- If you’re old enough to remember analog tape, you needed a hot signal to overcome tape noise but with digital recording… No tape noise so you can record a lot lower (and boost later digitally after recording). Also, analog tape can go over 0dB where tends to “soft clip” as you go a little higher so it was common to go occasionally “into the red”. Digital is absolutely hard-limited to 0dB.
Yes, I have a dedicated phono pre-amp.
I have plugged-in various (working) devices into the hybrid jack. When plugging-in, nothing on the monitor shows up, as in “you’ve plugged in a device”. If you go into control panel, it shows two inputs, one for the hybrid jack, and one for the front mic. That’s all.
By the way, I looked into the hybrid input (blue/pink), and there are only three pins inside.
I’ll try to talk to Dell tech support on Monday, if I don’t get any help, I’m going to find out what fits into the computer or get an external USB sound card.
Thanks for the help!
Things seem to be working correctly now. I don’t hear the input when recording (I guess this is normal) do but hear playback.
So first there was the driver issue, but what finally fixed it was, wait for it… contact cleaner! When I did a close inspection of the input jack, the contacts looked dull, so I thought it wouldn’t hurt, sure enough that was it!
Thanks again for the help.
Well done. Glad you’re up and running
Some dedicated pre-amps have a built in headphone socket which allows you to hear what is being recorded.
There’s another option when using a phono pre-amp (but not suitable for microphones), which is to loop back the audio through the computer via software. In Audacity this is called “Software Playthrough”, and it can be enabled in the “Transport Options” in the “Transport” menu.
Note that “software playthrough” is not instantaneous - it takes a bit of time for the sound to work it’s way through the computer and come out again (typically around half a second).
Well, still encountering problems. To trouble shoot, I used an iPod for an input device using a male to male 3.5 mm cord out of the headphone jack on the iPod. Audacity recordsthis fine. When I try to record records from my phone pre-amp it records with distortion at a high level, then drops down to nothing (just -50dB noise) within seconds. To continue troubleshooting, my amp on the stereo has a 3.5mm input on the front (what a concept, haha) so I compared the line levels of the two (turntable/pre-amp, and iPod) the turntable was a lot louder. So I then went to Audacity FAQ’s, and it says that if that if the volume drops off, to go into the sound card device settings to see if the sound suppression was turned on. No it wasn’t. Any help for this? Thank you, -John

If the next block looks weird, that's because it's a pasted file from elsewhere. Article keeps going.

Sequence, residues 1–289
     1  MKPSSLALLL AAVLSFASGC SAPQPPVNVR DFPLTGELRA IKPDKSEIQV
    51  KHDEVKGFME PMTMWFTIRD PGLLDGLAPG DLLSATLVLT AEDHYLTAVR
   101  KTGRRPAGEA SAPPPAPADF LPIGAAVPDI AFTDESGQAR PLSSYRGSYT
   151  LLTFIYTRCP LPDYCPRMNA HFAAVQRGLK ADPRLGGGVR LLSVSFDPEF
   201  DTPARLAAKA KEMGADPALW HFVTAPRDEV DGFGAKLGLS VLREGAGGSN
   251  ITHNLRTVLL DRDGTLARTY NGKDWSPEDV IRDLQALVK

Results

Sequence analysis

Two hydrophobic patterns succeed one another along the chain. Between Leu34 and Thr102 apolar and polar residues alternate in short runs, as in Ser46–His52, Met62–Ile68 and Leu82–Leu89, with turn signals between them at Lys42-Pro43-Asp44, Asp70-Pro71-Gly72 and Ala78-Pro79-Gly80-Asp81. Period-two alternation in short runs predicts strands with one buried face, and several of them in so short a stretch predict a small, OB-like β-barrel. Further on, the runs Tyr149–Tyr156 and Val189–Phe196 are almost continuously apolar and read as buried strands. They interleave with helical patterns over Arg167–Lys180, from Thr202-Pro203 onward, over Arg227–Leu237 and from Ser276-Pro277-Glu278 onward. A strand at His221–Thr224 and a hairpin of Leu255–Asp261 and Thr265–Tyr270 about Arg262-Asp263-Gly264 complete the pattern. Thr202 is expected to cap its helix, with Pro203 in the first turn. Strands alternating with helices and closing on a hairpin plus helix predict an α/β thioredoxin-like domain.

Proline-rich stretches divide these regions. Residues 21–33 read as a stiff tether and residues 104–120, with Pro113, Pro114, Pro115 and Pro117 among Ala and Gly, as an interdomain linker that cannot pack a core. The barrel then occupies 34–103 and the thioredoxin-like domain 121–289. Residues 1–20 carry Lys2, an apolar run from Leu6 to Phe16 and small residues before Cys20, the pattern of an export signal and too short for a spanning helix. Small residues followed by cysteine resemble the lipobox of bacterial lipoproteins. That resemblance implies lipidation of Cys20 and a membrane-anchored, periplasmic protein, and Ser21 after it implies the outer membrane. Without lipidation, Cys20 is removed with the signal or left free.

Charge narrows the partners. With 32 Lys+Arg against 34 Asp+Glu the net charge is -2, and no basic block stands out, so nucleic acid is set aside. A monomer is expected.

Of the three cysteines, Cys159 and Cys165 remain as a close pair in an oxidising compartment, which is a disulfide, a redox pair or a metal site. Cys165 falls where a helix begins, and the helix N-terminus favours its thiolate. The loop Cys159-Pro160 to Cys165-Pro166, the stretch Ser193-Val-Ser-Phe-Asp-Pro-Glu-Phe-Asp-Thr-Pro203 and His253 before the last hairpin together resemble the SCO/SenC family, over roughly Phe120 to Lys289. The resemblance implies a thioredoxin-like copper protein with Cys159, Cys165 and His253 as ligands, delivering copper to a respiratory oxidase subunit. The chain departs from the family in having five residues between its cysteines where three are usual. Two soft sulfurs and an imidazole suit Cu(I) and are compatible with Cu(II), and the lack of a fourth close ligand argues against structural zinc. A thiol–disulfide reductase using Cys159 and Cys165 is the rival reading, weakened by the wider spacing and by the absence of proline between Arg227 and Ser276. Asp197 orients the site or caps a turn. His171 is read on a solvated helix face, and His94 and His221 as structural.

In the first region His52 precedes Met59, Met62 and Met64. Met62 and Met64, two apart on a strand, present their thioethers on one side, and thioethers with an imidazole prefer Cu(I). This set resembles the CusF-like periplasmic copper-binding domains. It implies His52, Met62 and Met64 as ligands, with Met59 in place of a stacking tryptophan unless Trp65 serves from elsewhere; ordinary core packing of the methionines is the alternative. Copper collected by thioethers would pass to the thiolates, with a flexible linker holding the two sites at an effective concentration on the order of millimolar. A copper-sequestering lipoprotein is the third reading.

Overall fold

it records with distortion at a high level, then drops down to nothing (just -50dB noise) within seconds
Automatic changes in volume sound like [u]Windows “enhancements”[/u] which should be turned-OFF.
And while you’re at it, make sure [u]Microphone Boost[/u] is turned OFf (all the way down) if you have that option with your setup/configuration.
so I compared the line levels of the two (turntable/pre-amp, and iPod) the turntable was a lot louder.
Since it’s probably just a little too loud (not like the difference between a microphone signal and line level) there are a couple of things you can do. If you have a headphone output that’s approximately line-level and there will be a volume control so you can use that. Or, you can get in-line audio attenuators. I like [u]this one[/u] because it’s adjustable. (It’s got RCA connectors so you may need adapter cables and you may need an adapter cable if you’ve got a 1/4-inch headphone output.)
I’m trying to record vinyl
I forgot my standard advice - Buy the CD or MP3/AAC if it’s available!
Haha, I want to transfer 200 records. Buying the MP3’s or CD’s will be a bit pricey. I’ve disabled or turned down everything I can in the realtek sound controller and in windows. When the sound does come through, it’s distorted. I’m thinking of trying the sound adjusting box you recommended from parts express.
So, I tried this: My phono cartridge is a MC. I switched the pe-amp to MM to reduce the gain. Any improvement??? No! It still goes quiet after a few seconds. Weird. -John
I agree with DVDdoug.